LRM: Which end did you enjoy from this film more–of him doing domesticated stuff or the superhero stuff?

Craig T. Nelson: The domesticated stuff. Especially, the stuff with Jack Jack, which was so much fun.

LRM: Was it was that anything you expected?

Craig T. Nelson: The first indication, of course, is when you’re doing it and you’re recording the sessions. It was like, “Really? Let’s go!” We’re getting into it. It was wonderful. It was so much fun. That discovery. How the kids discover it? What did they do about it? Then you’ve got all these other issues within the family that you’re dealing with. It was a lot of fun.

LRM: Tell me about working with Brad Bird again. What makes him such a special wanted director in your opinion?

Craig T. Nelson: Well, I think he is so available. He’s such a kid really. He understands the art form. He understands the difficulties that actors sometimes have in doing just voice work. He hears a quality in the recording that I didn’t. He really wants this to sound like this. Once you get beyond the barrier of that’s what I’m doing, know what you’re doing is bah, bah, bah, bah, bah. What I want is bah, bah, bah. [Making tonal sounds] Crap, really? You do that. There’s a trust that starts to develop.

It’s very, very difficult. It’s really hard for me. It’s hard to do. I’m not as amendable to that, because I’m used to doing it the other way. I haven’t done that much voice work. With Brad, you really relied on what he’s hearing, what he wants and what you can do?

LRM: It didn’t sound like there’s a lot of room for improv.

Craig T. Nelson: Not really.

LRM: You’re not an improv person yourself, right?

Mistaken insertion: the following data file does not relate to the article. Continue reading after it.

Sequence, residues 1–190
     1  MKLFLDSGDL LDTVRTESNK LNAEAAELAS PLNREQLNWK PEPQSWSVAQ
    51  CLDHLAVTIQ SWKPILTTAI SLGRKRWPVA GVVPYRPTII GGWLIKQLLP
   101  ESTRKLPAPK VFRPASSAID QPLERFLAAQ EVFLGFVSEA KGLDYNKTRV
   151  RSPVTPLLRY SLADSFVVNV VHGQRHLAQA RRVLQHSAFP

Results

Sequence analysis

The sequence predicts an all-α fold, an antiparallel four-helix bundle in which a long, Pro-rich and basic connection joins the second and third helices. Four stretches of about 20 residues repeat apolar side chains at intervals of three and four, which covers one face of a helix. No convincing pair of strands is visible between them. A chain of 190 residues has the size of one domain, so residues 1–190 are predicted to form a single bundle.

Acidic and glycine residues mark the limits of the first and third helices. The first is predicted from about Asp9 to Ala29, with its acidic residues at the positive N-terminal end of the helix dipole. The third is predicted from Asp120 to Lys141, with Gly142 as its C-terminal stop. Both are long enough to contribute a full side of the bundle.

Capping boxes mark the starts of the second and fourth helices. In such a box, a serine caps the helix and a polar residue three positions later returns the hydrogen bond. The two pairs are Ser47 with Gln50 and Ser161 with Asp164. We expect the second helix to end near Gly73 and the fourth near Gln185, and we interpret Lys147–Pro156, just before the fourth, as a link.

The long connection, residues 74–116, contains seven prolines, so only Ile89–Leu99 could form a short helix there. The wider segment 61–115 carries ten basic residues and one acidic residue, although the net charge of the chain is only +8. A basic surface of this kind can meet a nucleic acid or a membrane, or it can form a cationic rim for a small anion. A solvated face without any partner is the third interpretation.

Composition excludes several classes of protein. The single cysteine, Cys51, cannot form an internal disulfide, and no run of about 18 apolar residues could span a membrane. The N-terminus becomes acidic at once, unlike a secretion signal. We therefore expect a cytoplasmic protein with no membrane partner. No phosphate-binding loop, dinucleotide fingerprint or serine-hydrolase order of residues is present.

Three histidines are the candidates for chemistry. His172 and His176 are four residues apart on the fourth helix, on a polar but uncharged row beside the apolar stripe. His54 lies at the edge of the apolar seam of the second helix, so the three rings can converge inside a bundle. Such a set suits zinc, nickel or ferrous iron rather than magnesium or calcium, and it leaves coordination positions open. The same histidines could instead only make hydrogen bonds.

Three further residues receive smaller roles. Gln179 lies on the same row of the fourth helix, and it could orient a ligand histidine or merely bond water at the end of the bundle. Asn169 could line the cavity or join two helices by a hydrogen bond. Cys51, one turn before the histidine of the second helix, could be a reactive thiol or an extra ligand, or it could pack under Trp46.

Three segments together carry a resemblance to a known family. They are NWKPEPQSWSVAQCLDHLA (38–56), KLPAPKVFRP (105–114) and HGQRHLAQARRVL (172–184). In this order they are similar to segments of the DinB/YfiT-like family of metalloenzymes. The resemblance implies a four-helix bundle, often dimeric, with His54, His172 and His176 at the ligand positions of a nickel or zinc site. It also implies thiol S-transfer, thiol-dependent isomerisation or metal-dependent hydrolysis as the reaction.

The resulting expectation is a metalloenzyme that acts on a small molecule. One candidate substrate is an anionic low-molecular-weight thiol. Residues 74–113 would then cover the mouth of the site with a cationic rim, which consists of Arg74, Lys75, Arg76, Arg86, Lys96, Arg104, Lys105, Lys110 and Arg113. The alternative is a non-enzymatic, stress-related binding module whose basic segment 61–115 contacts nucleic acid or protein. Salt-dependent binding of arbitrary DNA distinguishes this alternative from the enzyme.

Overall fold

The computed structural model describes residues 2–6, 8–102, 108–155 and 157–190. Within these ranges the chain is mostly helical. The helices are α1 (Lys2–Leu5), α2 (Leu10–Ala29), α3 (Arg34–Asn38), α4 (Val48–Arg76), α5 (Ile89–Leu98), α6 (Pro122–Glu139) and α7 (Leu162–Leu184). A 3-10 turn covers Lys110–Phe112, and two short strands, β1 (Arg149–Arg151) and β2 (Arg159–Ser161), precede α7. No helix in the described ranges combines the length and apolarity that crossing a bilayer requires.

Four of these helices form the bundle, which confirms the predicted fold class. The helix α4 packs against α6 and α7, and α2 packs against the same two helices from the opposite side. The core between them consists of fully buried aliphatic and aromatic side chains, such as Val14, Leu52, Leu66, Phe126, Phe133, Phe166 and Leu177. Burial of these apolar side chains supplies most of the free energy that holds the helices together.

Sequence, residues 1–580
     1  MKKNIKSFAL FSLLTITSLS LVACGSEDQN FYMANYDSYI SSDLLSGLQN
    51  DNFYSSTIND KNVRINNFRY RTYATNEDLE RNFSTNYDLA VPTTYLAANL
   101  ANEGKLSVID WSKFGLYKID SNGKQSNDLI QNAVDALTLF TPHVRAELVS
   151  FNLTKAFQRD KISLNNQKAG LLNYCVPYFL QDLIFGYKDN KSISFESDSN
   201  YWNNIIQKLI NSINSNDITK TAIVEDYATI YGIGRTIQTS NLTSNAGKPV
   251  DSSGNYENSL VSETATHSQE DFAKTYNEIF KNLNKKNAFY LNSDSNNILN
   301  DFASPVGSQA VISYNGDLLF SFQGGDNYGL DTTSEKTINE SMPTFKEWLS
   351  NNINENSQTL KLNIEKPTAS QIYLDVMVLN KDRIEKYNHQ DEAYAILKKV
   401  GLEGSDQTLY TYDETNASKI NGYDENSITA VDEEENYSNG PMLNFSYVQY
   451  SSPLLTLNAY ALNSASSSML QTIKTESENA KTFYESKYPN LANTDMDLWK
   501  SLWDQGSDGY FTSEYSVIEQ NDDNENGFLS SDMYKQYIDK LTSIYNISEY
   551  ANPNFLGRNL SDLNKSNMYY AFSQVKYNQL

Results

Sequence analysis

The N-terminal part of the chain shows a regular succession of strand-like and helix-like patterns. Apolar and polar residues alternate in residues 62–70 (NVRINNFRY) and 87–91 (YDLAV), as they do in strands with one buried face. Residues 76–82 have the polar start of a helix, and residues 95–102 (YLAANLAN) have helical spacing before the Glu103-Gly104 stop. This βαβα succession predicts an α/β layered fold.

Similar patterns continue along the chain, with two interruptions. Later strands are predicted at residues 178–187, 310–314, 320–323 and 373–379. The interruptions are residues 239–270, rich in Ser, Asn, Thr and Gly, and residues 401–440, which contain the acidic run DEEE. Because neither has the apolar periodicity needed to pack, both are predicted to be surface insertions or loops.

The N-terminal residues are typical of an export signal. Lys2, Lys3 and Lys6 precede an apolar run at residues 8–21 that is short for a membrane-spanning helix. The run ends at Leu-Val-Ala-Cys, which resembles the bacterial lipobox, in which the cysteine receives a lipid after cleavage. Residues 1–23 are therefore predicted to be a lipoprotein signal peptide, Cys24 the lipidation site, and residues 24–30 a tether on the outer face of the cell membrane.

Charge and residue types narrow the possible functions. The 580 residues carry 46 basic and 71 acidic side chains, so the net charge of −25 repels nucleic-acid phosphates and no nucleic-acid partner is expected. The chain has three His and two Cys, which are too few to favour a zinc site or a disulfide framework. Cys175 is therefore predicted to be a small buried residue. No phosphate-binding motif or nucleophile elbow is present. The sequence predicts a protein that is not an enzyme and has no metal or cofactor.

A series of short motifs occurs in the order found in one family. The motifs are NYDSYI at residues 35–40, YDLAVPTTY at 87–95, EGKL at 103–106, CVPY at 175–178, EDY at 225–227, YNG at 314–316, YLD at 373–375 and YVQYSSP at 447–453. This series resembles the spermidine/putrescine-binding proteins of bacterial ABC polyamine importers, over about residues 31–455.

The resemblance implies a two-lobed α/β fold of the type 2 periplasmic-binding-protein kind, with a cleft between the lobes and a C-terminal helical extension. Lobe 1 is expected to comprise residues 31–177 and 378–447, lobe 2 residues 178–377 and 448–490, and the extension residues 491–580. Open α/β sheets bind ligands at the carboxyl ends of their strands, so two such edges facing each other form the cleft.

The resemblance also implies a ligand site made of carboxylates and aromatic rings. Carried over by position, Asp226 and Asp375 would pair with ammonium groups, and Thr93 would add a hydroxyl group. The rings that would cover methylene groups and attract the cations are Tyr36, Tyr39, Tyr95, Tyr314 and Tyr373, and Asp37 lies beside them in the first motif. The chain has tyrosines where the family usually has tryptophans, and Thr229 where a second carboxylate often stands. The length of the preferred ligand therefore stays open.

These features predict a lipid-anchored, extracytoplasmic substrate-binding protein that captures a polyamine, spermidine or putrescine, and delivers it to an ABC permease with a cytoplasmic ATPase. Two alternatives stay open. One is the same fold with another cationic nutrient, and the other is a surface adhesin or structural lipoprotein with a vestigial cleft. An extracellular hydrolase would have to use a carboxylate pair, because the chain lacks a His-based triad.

Craig T. Nelson: Yeah. Yeah, I do. On Parenthood, we did a lot. That’s different, because in the environment of working with other actors [there is] a lot more freedom in to a certain degree. You’re responding off by this. You’re listening more in this. You’re reacting more in this. You’re initiating. Oftentimes you feel like you’re coming out of nowhere.

You’re not really working off of anybody else physically. It’s a completely different way of working. But, at the same time, it’s essential. It made me do was to realize the importance of the level that you’re at and also how it sounding.

There’s two ways you can look at it. Oftentimes, you will watch a movie without sound and I’ll see just moments that just don’t work. The person’s not in there, it’s not working. Then other times you can listen to it with the sound, turn away and you’ll hear it’s not right. It doesn’t sound right. Then you turn back and it’s like a different deal.

It just made me aware of how important it is and to some degree how neglectful it is. It’s a challenge.

LRM: Are you hopeful for possible third movie?

Craig T. Nelson: I had the luxury of doing the two of them. The second one was a complete gift out of nowhere. I haven’t even thought about it. It’s all dependent on how well this does and the demand.

LRM: I’m sure it will do very well. [Laughs]

Craig T. Nelson: I think so.

LRM: Hey, thank you very much.

Craig T. Nelson: Thank you.

Source: LRM Online Exclusive